The business is almost eight-years-old now and I’ve been here since just after its inception. I’m process-driven and people-orientated, so I’m passionate about making sure we keep playing to our strengths, exploring what we can do even better, and getting our culture and values right so we can drive forward collaboratively.

2. Did you ever sit down and plan your career?

Definitely not! I originally wanted to be a midwife when I left school. Thankfully, I can look back and say things have really worked out for me and I’m proud of the role I play now.

I’ve spent 20 years in the telecoms tech sector and once I was learning the trade, I soon felt like I was contributing to something. In terms of Vapour, I could see its vision when I joined, and I wanted to make my mark and build an exciting career for myself with a progressive company.

3. Have you faced any career challenges along the way and how did you overcome these?

It’s probably more of a personal one, but I can be quite harsh on myself. For example, I can make ten decisions in a day, nine of which are successful but for that one that perhaps didn’t go quite according to plan, I’ll dwell on it. I have to tell myself that nobody has all the answers, and as long as my decision was considered and well-intended, I can learn from it.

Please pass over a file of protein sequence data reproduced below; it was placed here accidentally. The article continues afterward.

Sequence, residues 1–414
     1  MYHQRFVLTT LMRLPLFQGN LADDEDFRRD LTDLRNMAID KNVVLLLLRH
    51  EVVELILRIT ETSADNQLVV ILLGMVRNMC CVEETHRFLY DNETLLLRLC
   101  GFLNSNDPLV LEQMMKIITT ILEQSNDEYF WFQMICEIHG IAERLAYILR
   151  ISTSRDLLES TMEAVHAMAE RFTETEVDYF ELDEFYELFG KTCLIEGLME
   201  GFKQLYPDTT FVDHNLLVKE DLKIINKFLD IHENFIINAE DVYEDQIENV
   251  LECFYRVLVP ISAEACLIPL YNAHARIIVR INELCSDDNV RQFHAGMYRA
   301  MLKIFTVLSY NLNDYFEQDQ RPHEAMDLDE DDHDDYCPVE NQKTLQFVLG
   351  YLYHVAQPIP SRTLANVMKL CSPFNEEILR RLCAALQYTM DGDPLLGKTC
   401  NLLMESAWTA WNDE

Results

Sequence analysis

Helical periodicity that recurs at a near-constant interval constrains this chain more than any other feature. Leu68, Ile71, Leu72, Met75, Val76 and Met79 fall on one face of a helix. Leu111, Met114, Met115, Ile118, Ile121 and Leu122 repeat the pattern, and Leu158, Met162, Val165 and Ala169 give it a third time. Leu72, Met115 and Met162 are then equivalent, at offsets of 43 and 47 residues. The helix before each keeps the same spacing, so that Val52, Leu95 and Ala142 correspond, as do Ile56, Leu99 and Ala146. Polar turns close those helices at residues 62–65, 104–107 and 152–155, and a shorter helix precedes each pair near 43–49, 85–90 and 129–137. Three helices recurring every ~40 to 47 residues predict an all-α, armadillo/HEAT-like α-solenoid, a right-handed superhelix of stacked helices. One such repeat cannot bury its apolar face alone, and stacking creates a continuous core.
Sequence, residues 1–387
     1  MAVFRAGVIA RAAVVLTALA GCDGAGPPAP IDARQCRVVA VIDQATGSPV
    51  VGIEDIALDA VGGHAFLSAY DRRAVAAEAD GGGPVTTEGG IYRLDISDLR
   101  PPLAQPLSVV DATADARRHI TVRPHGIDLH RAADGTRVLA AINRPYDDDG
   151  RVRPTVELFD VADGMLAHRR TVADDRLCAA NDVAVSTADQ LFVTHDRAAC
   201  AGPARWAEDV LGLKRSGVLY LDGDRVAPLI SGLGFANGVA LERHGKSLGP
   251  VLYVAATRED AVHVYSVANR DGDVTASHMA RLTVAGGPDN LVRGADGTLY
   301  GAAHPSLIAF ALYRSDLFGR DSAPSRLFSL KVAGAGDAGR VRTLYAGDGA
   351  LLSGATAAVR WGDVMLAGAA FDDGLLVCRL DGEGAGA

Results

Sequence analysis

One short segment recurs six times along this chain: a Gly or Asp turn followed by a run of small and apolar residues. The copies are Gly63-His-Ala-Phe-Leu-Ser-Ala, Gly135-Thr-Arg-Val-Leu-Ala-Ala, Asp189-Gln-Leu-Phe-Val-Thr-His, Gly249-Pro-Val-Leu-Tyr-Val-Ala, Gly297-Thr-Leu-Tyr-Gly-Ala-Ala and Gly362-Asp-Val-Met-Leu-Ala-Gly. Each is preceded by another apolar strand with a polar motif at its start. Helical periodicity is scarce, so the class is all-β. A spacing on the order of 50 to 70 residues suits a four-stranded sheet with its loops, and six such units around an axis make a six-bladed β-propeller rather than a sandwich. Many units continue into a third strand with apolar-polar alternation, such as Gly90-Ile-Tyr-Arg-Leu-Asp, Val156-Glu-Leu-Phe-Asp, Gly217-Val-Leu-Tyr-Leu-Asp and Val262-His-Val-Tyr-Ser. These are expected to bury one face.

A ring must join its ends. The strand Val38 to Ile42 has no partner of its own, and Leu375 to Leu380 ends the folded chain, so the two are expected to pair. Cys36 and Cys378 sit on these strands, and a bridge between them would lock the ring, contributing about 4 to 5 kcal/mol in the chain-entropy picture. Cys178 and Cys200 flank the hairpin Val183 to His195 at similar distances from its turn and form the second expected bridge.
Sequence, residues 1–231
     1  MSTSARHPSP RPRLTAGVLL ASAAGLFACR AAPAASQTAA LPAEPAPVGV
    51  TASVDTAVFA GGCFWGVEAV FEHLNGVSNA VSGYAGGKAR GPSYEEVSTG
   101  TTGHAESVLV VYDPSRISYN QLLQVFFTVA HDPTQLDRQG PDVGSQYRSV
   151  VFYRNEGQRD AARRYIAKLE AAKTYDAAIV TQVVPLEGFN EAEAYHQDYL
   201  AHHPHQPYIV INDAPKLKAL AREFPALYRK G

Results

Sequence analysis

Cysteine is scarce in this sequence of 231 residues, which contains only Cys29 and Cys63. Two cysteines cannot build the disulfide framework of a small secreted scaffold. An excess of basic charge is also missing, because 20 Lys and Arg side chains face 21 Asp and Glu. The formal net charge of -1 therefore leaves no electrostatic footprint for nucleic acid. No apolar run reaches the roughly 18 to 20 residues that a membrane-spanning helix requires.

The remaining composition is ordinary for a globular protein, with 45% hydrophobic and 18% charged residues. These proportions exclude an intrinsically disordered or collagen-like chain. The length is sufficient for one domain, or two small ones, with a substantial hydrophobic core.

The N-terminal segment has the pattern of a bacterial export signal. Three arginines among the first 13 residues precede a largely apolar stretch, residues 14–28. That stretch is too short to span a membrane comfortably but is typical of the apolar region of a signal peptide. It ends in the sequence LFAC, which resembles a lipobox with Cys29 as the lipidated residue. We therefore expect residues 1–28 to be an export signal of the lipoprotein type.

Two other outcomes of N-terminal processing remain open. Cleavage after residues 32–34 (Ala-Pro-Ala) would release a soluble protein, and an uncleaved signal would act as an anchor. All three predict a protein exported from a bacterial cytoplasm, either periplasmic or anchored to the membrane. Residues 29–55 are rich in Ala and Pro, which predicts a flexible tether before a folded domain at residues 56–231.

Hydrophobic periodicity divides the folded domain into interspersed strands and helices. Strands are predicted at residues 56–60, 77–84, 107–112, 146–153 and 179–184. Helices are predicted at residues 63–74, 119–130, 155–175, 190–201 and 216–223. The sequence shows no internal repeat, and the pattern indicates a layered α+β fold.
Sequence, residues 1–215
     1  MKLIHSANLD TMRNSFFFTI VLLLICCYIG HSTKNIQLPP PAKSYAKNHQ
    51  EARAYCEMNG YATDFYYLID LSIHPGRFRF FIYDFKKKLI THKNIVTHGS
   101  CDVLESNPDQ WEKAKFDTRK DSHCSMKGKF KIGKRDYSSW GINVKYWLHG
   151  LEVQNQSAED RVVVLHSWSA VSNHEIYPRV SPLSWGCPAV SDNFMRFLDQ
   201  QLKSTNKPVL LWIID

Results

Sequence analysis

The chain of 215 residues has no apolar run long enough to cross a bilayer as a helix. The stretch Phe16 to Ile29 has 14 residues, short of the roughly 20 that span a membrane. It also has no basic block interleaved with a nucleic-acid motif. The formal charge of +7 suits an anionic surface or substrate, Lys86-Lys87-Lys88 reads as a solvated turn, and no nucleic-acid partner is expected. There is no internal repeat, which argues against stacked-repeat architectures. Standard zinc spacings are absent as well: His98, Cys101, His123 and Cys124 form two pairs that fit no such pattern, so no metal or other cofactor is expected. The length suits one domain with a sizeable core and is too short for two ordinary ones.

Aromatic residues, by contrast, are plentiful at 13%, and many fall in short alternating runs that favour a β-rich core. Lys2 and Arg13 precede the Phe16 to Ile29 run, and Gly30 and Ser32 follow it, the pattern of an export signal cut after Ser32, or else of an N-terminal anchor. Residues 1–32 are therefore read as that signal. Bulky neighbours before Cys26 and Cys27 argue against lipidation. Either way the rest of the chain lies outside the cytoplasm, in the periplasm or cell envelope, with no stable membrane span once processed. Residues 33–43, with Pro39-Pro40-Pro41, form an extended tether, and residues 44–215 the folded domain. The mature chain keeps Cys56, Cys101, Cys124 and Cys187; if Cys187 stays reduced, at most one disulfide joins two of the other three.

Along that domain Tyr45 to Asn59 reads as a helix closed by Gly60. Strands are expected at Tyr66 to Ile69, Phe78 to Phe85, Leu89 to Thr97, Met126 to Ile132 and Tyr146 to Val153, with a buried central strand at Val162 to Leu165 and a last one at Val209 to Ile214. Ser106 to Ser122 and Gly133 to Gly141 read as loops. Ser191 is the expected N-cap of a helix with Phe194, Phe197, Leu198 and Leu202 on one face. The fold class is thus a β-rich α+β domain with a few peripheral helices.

4. What has been your biggest career achievement to date?

Moving from operations manager to head of operations and compliance was a defining moment. It was a huge shift in mindset because I was responsible for an entire department. It also led to one of my biggest successes to date – completing a scale up programme, in association with Barclays Bank and Cambridge Judge Business School, alongside Vapour CEO Tim Mercer and sales manager, Alec Stephens.

5. What one thing do you believe has been a major factor in you achieving success?

Finding a role that’s not ‘just a job’ and instead something I can add value to. I’m a big advocate for taking on a role that feels ‘right’ and being part of a company that shares the same vision, and invests in its employees. Thankfully, that’s what I’ve got with Vapour. 

6. What top tips would you give to an individual who is trying to excel in their career in technology?

Technology is forever changing so it’s important to be agile to stay ahead of the curve and provide customers with the support they need – which constantly evolves. Having a flexible approach when offering solutions is so important in this sector, alongside not being afraid to take on fresh challenges and being calm under pressure.